Budgeting Vs. Forecasting: Why You’re Really Looking For The Latter

Written by Amanda Bower    |    Published: July 21, 2023

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If you’re at the head of a startup or fast-growing business, you likely have big visions for your company’s future. If you’re serious about taking your company to the next level, dreams are just the beginning.

To truly break barriers and reach your most ambitious goals, forecasting plays a vital role in shaping the future of your biz. It’s not just about having a solid grip on your finances and budget but understanding the immense power of forecasting and its importance in achieving your loftiest goals.

Whether you complete your accounting services in-house or outsource it to a reliable service provider, forecasting is a powerful asset to explosive (and sustainable) growth.

When it comes to understanding the importance of forecasting, many questions might come to mind, such as:

  • How is forecasting different from other financial processes, like budgeting?
  • What does it involve, and what methods can you implement?
  • Most importantly: how can forecasting positively impact your business?

For each question, we’re going to take a deep dive into the details of forecasting and its crucial role in determining the success of your outcomes. Let’s get started!

What’s the Difference Between Forecasting and Budgeting?

Let’s start with the basics: what exactly is forecasting, and how is it different from budgeting? Sometimes, the terms “forecasting” and “budgeting” are used interchangeably, but the reality is that these are two separate processes.

Forecasting and budgeting are financial “tools” that can help startups develop and implement a winning plan for their business. But they both use different approaches to achieving those goals. 

Mainly, budgeting involves creating a static plan, which details the general financial direction of the company, including how much revenue and expenses are expected during a set period. (It’s typically done only once a fiscal year.) On the other hand, forecasting predicts what the financial future of a company might look like based on historical data.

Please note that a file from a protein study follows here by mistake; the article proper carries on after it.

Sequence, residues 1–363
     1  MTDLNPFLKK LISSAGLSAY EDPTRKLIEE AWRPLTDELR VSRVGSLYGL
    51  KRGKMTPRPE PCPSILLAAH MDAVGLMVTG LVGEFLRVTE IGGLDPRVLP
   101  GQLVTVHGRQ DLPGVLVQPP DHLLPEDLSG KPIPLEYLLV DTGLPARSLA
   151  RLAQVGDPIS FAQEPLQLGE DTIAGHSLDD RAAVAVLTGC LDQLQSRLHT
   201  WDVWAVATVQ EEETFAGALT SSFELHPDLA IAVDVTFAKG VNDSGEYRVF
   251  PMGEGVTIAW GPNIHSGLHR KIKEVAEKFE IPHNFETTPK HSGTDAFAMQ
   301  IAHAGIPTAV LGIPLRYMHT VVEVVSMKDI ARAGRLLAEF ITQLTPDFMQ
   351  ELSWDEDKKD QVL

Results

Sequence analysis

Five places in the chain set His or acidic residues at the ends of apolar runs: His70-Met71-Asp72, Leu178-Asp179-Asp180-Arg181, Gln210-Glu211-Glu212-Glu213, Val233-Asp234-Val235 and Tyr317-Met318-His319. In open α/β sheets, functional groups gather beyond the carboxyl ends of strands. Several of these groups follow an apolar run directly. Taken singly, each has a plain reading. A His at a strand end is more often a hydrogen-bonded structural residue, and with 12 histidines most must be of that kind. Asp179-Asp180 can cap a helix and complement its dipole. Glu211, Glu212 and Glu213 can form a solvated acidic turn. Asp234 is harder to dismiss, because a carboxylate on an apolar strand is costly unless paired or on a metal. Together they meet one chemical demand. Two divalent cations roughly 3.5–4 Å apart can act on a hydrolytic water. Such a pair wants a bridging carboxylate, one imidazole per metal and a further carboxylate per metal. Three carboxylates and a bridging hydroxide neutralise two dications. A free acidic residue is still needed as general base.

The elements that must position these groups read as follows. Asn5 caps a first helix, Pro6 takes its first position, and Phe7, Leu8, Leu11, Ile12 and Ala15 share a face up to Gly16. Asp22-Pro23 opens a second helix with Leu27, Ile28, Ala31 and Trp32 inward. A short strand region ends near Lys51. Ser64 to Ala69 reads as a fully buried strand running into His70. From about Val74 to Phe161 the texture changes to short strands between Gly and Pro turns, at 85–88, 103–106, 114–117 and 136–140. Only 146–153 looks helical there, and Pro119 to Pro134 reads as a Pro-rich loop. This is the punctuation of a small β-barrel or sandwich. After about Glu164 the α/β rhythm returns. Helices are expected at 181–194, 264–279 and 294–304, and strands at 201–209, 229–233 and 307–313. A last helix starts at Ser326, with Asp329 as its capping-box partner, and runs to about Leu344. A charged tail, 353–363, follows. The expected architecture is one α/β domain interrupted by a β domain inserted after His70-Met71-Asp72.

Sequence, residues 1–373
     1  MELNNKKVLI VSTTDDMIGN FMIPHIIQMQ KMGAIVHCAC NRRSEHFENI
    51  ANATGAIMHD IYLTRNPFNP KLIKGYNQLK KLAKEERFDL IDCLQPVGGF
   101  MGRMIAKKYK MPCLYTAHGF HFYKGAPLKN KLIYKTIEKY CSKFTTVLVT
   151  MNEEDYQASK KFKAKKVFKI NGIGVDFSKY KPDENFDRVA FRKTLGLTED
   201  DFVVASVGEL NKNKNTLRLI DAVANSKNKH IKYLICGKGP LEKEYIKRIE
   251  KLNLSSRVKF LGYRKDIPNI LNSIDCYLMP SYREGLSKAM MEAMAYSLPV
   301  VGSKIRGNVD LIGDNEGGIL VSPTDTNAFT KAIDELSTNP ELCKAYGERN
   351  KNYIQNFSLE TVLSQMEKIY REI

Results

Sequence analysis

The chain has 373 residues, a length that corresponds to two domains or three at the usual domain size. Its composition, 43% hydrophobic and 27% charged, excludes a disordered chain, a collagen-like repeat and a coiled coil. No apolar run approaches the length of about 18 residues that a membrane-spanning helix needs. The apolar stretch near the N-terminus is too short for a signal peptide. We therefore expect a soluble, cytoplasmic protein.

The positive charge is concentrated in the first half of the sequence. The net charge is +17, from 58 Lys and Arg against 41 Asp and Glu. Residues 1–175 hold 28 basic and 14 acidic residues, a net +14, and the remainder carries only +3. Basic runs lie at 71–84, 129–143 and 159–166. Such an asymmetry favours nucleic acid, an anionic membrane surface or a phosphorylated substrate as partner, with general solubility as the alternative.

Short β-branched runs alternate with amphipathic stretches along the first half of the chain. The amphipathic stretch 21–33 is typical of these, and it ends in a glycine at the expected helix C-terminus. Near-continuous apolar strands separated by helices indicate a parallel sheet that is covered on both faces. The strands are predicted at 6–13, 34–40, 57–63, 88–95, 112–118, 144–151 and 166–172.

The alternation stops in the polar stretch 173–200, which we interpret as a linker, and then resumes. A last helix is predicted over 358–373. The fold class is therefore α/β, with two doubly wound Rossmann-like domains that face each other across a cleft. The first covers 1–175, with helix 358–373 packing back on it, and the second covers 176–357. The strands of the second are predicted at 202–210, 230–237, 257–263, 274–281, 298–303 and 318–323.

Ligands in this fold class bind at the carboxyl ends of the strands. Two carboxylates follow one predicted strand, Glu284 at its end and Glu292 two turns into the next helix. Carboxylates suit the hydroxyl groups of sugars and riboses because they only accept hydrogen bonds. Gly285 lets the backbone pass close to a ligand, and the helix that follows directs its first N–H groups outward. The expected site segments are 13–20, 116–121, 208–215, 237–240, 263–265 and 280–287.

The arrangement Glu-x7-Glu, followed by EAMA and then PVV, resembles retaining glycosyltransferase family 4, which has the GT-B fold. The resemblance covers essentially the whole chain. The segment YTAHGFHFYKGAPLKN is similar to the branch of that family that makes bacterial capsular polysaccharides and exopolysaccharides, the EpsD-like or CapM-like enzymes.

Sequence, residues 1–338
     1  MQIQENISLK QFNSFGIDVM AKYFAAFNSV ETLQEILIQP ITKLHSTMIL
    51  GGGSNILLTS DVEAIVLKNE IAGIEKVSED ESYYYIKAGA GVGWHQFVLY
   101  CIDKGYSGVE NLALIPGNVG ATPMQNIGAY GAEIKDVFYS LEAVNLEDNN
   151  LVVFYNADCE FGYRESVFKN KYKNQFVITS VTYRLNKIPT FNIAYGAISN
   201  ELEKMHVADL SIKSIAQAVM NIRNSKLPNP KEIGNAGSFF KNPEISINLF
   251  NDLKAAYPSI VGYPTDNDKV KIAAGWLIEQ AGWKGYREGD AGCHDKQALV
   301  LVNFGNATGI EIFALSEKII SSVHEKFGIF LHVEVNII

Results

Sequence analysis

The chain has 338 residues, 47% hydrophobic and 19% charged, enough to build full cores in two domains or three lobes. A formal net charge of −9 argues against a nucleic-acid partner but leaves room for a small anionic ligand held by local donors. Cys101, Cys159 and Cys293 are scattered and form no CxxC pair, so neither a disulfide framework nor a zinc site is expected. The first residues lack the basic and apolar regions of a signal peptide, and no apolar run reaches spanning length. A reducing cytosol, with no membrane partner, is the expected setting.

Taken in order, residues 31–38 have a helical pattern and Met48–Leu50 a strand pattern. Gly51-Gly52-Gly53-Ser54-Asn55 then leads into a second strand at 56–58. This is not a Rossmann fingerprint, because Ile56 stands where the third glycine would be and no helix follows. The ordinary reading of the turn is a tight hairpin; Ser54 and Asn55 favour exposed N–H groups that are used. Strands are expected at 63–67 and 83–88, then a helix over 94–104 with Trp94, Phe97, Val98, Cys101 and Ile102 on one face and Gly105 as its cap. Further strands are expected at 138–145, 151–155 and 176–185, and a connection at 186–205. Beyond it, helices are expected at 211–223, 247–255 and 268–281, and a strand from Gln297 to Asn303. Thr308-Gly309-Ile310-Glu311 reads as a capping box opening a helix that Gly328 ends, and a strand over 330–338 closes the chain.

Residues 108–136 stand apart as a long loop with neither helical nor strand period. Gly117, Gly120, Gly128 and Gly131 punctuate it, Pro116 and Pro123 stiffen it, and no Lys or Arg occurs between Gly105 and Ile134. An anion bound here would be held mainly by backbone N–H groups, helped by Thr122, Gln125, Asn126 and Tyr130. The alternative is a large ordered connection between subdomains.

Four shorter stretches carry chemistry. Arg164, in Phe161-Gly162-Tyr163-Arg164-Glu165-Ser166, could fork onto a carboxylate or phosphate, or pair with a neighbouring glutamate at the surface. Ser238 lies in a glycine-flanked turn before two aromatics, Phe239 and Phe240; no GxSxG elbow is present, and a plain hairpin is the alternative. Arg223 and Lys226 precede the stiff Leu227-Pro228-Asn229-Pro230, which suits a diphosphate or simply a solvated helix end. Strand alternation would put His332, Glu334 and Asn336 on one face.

Here are some other significant differences between the two processes:

  • Companies create budgets to meet a specific goal, while forecasts assess whether the company can meet the budgetary goal.
  • A budget is generally based on past trends or business experiences. While a forecast considers such things, it also examines several other key factors in its analysis (such as the company’s current financial situation, market trends, conditions, and so forth).
  • A budget is often developed with a “set it and forget it” mindset. Forecasting is done frequently and is thus more flexible than a typical budget.

You could boil down the differences between budgeting and forecasting into the difference between a set of printed driving directions and a GPS. The printed directions provide one way to reach your destination. If unforeseen circumstances arise (like a road closure or a traffic jam), the GPS can provide multiple routes for your course.

In the same way, a budget may focus on the right goals but may lack flexibility in the face of changing market conditions. On the other hand, regular forecasting can help you adapt and quickly “change course” if needed.

Budgeting and Forecasting: a Match Made in Heaven

As we just touched on, budgeting and forecasting have some distinct differences. If this is the case, why are they often mentioned together? Budgeting and financial forecasting can work hand-in-hand to give leaders a complete financial picture of their company and ensure they make the best financial decisions.

The truth is that budgeting can be useful for startups, but it might not be wholly effective as a standalone process.